We spoke to a handful of Republican and Democratic strategists and here are the five members likely to come under the most intense pressure from both sides in this final week of lobbying. 1) John Boccieri: The Ohio freshman, who voted "no" on the bill in November, has two competing (and large) constituencies to consider -- older voters who are wary about any changes to the health care bill and working class families who would likely feel the most positive impact from the bill. He also faces a serious reelection fight from businessman Jim Renacci (R). 2) Scott Murphy: Murphy, elected in a 2009 special election in the Albany-area 20th district, ran -- and won -- on a promise to work for the president's agenda in Washington. As a result, his initial "no" vote baffled many party strategists. 3) Jason Altmire: The sophomore Democrat from western Pennsylvania publicly hemmed and hawed for weeks before eventually deciding not to vote for the bill. That initial uncertainty has Democratic leaders convinced they can turn him around although Republicans have recruited a former U.S. attorney to challenge him in the fall. 4) Kathy Dahlkemper (Pa.): Dahlkemper's personal circumstances could well affect her vote as she has lost both of her parents in the last two months and, as a result, end-of-life issues are very much on her mind, according to knowledgeable sources. But, Dahlkemper is pro-life and remains skeptical about voting for the abortion language in the Senate bill. 5) Tom Perriello (Va.): Perriello has gained a reputation as one of the White House's favorite new members thanks to his willingness to back not only cap and trade but also health care despite the swing nature of his 5th district. Given the reelection storm that appears to be building against Democrats, Perriello could well switch to "no" but in doing so he would need to find a way to explain to voters what would look like an open and shut case of political flip-floppery.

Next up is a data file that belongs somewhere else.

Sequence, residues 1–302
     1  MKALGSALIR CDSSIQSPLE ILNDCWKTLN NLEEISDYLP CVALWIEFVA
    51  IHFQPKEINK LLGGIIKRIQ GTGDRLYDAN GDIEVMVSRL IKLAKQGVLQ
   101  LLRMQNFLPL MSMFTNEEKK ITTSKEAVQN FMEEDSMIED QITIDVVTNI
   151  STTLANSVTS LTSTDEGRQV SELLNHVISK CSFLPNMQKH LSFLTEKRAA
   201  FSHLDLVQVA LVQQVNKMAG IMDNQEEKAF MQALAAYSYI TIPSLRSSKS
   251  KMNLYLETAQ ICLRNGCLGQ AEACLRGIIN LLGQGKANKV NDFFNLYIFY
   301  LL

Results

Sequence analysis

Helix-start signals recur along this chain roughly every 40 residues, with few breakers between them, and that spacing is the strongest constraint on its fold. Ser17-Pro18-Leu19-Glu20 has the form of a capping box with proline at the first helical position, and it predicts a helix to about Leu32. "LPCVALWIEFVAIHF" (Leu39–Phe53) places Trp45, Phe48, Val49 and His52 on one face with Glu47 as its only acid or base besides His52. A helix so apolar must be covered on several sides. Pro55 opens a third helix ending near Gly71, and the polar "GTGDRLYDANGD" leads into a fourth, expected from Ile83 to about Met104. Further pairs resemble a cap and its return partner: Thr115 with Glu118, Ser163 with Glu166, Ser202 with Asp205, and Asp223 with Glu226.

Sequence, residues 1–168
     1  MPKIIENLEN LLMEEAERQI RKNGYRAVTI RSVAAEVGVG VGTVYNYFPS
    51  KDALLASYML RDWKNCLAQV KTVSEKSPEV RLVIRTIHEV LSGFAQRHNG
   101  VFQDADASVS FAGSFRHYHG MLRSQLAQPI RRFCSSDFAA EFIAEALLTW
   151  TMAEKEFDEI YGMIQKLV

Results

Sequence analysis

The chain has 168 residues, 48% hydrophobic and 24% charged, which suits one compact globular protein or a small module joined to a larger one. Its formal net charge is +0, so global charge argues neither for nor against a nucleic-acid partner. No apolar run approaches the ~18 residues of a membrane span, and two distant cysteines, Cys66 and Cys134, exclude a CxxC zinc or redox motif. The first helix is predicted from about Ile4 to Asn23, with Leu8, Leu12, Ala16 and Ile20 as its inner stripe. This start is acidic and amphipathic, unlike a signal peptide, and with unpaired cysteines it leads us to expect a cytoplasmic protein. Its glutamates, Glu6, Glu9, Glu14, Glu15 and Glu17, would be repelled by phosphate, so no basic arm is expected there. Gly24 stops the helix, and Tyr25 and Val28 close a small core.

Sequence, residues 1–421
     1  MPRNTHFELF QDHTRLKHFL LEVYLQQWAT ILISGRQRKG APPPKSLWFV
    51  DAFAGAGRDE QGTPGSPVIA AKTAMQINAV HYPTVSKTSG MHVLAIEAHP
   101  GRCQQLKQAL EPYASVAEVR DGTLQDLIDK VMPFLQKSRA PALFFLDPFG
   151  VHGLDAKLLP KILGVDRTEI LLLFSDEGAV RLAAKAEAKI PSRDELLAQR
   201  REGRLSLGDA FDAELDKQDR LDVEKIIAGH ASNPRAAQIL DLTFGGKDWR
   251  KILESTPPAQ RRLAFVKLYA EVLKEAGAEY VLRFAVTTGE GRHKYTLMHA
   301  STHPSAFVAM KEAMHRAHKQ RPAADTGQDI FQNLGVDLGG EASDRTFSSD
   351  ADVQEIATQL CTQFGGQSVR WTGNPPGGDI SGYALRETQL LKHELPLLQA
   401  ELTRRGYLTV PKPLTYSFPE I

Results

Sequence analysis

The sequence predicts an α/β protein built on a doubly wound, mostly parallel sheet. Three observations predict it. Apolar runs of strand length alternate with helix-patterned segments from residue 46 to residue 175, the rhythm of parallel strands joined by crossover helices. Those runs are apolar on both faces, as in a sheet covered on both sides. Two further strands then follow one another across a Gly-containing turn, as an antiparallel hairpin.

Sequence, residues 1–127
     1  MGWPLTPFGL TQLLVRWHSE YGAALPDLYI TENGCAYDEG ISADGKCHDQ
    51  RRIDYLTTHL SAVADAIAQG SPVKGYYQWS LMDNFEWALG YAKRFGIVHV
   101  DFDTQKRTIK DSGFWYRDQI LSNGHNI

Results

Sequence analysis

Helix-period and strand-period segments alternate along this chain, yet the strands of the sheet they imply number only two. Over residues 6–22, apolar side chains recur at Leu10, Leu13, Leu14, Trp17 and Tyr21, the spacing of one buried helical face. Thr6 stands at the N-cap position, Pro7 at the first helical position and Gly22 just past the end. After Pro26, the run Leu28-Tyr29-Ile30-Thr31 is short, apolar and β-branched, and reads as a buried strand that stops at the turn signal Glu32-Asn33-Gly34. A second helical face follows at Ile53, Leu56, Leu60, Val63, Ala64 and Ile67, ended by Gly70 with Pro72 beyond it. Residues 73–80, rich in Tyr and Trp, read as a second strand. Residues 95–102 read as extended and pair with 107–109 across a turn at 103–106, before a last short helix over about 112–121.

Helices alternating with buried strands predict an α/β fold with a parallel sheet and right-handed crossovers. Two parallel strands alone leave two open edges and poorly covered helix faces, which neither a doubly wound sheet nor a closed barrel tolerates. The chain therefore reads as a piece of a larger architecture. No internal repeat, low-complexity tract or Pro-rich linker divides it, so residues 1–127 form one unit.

Dems move closer to passing Senate bill without actual vote
Excerpt: House Democrats are marching forward with plans to move the Senate healthcare bill through their chamber without actually voting on it. The House Rules Committee on Tuesday morning released a memo defending the so-called “deem and pass” procedure, which the memo said has a long precedent in the House and is used commonly. (For Democracy, vote out every Democrat. Period.)

Sleazy backroom deals on Obamacare
Excerpt: That old saw about "the more things change, the more they stay the same" keeps coming back as the revelations mount on what's going on behind closed doors as White House and congressional officials harvest votes for Obamacare. For example, remember President Obama's 2008 campaign promise that the lobbyists and special interests would be banned from the health care reform process? Now comes word via Politico that drug industry lobbyists spent a good part of the weekend with Democratic congressional staffers writing the bill: "The weekend included high drama for the drug industry as lobbyists huddled with Democratic staffers to work out a fee structure and donut-hole fix. ... Drug makers were asked to sign off on multiple solutions so that backup options were available should any of the fixes run into problems passing muster with the Senate parliamentarian." Things must have gone swimmingly between the drug lobbyists and their Democratic congressional staff buddies because Politico added that "there was 'real heartburn with the bill over the weekend and over the last week,' an industry source said. But insiders expressed confidence that their issues were on the road to resolution." Yessiree, spending Saturday and Sunday rewriting legislation cures that heartburn every time

Talking Babies on the Healthcare Disaster

Ten Sure-Fire Ways to Fail as Democrats
Excerpt: In an effort to be less than constructive, here are eight sure-fire ways for Democrats to further alienate and enrage the citizens they’re supposed to serve. Hit-or-miss approaches in 2009 haven’t gone far enough, but with these ten helpful strategies, the sky is the limit. Keep saying that you are concerned about the deficit and brag about your efforts to save millions while continuing to spend trillions. When anyone takes a stand for “pay-as-you-go,” chastise them for being heartless. You don’t get elected for cutting spending; you get elected for giving goodies to those who elected you. Even though the richest 5% already pay 60% of the income taxes, keep saying they don’t pay their “fair share.” By fueling voter envy, you’ll help Americans justify making the rich pay for everything they can’t afford themselves. By keeping them greedy and dependent, you’ll have their vote. Bribery is illegal for everyone else, but remind voters that special deals and costly earmarks are the only way to get things done in politics. Don’t let ethics get in the way. Treating certain states and constituencies differently and providing special exceptions is what politics is about. To the winners belong the spoils.

First Ever Recall Effort of a U.S. Senator Cleared by N.J. Court